It’s mid-afternoon Saturday: The great hall at Union Station is packed, shoulder to shoulder. There’s a crowd at the far end, straining to see the ArcAttack! Show of singing Tesla coils and a willing volunteer plucked from the audience to dance along to the electric music.
There’s a lineup of kids near the bike that generates electricity. One after another, kids clamber onto the bicycle and pedal as fast as they can, all to see if they can generate enough power to make a light bulb glow. One after another, they drop off the bike, legs tired and wobbly, but knowing that they accomplished something with their own muscles.
Nearby, there’s a pile of goo bouncing around on a speaker. “It’s Flubber,” the guy announces with a grin, then adds that it’s really just a cornstarch and water mixture that makes these intriguing shapes in response to the sound waves. Everybody around grins back.
The 3-D printer operators are non-stop busy. Hundreds of questions, over and over: “What are you making?” “How long does it take?” “What it’s made of?” “How does it work?” “How much does it cost?” There’s an element of delight when one operator explains that he’s making a series of replacement parts for another 3-D printer. The printer is making a replica of itself, bit by bit.
In another corner, small robots chase each other around a racetrack taped on the floor. Nearby, a larger robot draws laughs as it collects and deposits golf balls on command. The laughs come from the look of exasperation on the face of the teenager who had just finished picking up and loading all the golf balls from that same basket. Sigh. Start over. Again.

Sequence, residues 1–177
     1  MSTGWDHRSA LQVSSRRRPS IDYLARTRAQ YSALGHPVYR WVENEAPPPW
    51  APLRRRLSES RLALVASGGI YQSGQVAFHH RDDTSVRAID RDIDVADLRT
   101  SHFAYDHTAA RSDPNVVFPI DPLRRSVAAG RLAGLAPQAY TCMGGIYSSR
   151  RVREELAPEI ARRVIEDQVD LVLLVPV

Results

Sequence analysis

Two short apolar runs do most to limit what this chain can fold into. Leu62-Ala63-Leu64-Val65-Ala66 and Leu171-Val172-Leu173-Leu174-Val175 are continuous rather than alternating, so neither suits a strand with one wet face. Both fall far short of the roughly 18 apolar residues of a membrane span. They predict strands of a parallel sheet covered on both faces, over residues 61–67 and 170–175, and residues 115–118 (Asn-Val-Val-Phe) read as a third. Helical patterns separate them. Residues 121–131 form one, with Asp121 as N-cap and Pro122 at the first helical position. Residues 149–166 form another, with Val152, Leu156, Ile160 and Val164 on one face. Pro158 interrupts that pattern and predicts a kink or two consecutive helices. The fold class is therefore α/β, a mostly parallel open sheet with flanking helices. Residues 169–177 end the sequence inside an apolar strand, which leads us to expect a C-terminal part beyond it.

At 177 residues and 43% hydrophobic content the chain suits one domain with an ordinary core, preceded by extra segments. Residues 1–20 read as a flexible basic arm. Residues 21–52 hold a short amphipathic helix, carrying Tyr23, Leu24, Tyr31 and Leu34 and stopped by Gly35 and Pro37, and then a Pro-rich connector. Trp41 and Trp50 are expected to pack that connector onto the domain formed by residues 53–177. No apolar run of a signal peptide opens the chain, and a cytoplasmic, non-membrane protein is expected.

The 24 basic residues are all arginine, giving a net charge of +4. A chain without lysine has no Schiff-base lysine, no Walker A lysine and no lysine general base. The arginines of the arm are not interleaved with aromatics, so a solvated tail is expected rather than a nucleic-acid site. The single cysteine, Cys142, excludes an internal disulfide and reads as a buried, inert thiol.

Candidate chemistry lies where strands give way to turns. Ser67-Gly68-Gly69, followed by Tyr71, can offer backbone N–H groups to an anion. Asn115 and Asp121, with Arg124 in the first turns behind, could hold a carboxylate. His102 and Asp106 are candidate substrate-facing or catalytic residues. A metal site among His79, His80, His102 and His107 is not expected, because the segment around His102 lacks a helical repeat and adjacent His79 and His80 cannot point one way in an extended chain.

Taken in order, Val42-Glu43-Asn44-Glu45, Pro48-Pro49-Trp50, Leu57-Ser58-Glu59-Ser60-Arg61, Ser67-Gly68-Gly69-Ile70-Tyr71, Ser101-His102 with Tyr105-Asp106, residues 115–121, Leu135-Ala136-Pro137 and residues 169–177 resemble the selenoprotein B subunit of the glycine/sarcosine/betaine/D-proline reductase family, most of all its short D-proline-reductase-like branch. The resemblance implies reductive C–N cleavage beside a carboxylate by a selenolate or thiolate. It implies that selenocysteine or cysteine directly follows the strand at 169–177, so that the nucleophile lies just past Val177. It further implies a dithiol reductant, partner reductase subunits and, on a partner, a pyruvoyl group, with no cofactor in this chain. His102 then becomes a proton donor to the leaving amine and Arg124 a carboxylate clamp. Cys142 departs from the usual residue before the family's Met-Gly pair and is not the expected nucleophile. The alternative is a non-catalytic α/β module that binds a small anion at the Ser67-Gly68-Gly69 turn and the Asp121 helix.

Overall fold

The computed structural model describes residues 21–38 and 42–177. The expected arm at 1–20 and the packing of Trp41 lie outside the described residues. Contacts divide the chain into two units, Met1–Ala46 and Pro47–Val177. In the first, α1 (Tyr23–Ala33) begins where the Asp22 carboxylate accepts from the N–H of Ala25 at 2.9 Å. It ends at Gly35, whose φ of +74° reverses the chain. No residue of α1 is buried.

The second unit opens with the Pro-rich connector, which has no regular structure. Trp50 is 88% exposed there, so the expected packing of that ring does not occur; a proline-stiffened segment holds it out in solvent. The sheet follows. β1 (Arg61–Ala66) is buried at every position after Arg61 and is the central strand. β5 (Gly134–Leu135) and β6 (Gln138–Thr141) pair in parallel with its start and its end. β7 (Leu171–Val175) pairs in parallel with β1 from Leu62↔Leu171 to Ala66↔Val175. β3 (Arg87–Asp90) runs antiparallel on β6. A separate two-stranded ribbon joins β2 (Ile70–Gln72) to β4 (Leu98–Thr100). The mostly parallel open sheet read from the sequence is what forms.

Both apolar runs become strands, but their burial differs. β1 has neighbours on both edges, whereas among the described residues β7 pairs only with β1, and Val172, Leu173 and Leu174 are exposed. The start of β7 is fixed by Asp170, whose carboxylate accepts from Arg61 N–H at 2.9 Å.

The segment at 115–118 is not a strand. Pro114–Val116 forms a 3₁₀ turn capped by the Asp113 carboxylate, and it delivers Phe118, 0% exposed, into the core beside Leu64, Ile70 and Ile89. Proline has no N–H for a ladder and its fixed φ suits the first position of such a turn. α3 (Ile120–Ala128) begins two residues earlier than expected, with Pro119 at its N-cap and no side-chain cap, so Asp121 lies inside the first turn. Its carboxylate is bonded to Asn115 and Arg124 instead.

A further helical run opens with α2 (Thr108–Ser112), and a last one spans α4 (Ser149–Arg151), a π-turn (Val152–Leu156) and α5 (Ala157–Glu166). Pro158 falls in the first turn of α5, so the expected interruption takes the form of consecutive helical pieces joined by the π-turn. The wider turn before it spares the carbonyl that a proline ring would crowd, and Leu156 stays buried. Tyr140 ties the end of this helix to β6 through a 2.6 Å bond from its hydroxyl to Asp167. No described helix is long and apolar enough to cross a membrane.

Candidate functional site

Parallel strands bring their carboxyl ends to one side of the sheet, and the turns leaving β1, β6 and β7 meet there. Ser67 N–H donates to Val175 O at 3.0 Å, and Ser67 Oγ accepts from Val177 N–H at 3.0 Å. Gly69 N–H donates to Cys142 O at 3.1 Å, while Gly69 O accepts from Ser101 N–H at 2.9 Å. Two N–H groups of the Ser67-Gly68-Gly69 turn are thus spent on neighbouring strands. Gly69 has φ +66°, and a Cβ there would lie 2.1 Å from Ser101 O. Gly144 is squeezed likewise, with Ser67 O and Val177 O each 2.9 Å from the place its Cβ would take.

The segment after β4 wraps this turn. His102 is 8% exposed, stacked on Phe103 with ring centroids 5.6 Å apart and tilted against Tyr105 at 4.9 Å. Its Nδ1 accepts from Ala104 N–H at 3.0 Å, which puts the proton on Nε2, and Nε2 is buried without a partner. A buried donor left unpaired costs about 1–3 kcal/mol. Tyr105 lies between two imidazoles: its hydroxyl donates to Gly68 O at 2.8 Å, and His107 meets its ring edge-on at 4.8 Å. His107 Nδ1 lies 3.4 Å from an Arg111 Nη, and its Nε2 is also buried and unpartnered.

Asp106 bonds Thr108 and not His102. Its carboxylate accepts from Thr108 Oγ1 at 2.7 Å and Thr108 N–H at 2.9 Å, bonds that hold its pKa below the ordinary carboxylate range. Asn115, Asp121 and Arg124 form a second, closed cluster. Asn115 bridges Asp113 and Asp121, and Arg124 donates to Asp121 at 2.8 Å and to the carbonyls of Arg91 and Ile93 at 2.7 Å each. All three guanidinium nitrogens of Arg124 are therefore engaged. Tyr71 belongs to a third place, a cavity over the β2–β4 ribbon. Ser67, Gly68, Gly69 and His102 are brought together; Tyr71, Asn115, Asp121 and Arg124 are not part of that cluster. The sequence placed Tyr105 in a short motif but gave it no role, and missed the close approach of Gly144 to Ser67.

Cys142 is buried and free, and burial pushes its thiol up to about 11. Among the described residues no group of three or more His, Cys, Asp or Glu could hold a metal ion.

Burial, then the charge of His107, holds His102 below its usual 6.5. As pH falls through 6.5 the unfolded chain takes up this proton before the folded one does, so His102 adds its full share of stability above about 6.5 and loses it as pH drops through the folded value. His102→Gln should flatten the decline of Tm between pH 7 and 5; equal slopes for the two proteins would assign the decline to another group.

An enthusiastic announcer, like a circus barker, makes a convincing case for building rockets even if they don’t go very far. “That can be a benefit,” he declares, “cause then you don’t have to chase them as far.” Nearby dozens of rockets of varying sizes and shapes are racked, waiting to be handled.
The spinners were mostly quiet, sitting at the ancient wheel, turning out fine threads. Another spinning wheel was around the corner, along with a display of yarns created near a series of odd little foam and disc machines, dipping, turning, circling. Some had magic markers attached, so their somersaults drew spirogyra-like shapes while they danced.
There were jewelry makers, salvage artists, printers. There were food kits, toys, paper arts. There was a sensuous looking wavy wall – made of corrugated cardboard, from a computer-controlled machine. There were rich-looking costumes in styles from centuries past; a few steps away from holiday ornaments featuring mad scientists and odd inventions. There were lasers and soldering guns, paint and pens, music and machines.
It was day one of the Maker Faire, when Kansas City filled the great hall at Union Station with questions and awe.